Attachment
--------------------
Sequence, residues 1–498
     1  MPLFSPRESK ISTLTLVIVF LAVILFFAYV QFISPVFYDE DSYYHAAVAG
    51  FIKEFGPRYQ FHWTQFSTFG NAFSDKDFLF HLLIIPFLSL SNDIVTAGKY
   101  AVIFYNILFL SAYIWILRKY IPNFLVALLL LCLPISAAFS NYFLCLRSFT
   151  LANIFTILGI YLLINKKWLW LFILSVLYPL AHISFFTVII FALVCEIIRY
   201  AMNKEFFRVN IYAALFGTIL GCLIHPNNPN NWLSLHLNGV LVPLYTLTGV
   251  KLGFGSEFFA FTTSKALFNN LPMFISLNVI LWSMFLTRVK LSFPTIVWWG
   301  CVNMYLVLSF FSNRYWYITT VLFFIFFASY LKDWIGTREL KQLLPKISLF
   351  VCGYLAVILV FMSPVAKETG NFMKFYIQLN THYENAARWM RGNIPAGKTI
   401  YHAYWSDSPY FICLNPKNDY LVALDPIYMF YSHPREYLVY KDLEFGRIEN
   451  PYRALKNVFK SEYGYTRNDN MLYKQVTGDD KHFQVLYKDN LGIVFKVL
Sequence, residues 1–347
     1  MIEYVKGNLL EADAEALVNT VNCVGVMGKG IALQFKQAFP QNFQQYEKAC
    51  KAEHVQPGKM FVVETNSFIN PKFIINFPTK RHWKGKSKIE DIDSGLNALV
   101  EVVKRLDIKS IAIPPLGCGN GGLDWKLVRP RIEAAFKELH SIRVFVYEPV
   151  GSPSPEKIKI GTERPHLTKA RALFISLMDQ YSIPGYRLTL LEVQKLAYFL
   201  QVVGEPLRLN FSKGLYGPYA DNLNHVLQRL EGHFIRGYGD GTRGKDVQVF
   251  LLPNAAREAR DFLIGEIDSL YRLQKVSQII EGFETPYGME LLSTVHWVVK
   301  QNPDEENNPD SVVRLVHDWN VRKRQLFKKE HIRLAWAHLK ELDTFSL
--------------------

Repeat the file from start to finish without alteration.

Sequence, residues 1–498
     1  MPLFSPRESK ISTLTLVIVF LAVILFFAYV QFISPVFYDE DSYYHAAVAG
    51  FIKEFGPRYQ FHWTQFSTFG NAFSDKDFLF HLLIIPFLSL SNDIVTAGKY
   101  AVIFYNILFL SAYIWILRKY IPNFLVALLL LCLPISAAFS NYFLCLRSFT
   151  LANIFTILGI YLLINKKWLW LFILSVLYPL AHISFFTVII FALVCEIIRY
   201  AMNKEFFRVN IYAALFGTIL GCLIHPNNPN NWLSLHLNGV LVPLYTLTGV
   251  KLGFGSEFFA FTTSKALFNN LPMFISLNVI LWSMFLTRVK LSFPTIVWWG
   301  CVNMYLVLSF FSNRYWYITT VLFFIFFASY LKDWIGTREL KQLLPKISLF
   351  VCGYLAVILV FMSPVAKETG NFMKFYIQLN THYENAARWM RGNIPAGKTI
   401  YHAYWSDSPY FICLNPKNDY LVALDPIYMF YSHPREYLVY KDLEFGRIEN
   451  PYRALKNVFK SEYGYTRNDN MLYKQVTGDD KHFQVLYKDN LGIVFKVL
Sequence, residues 1–347
     1  MIEYVKGNLL EADAEALVNT VNCVGVMGKG IALQFKQAFP QNFQQYEKAC
    51  KAEHVQPGKM FVVETNSFIN PKFIINFPTK RHWKGKSKIE DIDSGLNALV
   101  EVVKRLDIKS IAIPPLGCGN GGLDWKLVRP RIEAAFKELH SIRVFVYEPV
   151  GSPSPEKIKI GTERPHLTKA RALFISLMDQ YSIPGYRLTL LEVQKLAYFL
   201  QVVGEPLRLN FSKGLYGPYA DNLNHVLQRL EGHFIRGYGD GTRGKDVQVF
   251  LLPNAAREAR DFLIGEIDSL YRLQKVSQII EGFETPYGME LLSTVHWVVK
   301  QNPDEENNPD SVVRLVHDWN VRKRQLFKKE HIRLAWAHLK ELDTFSL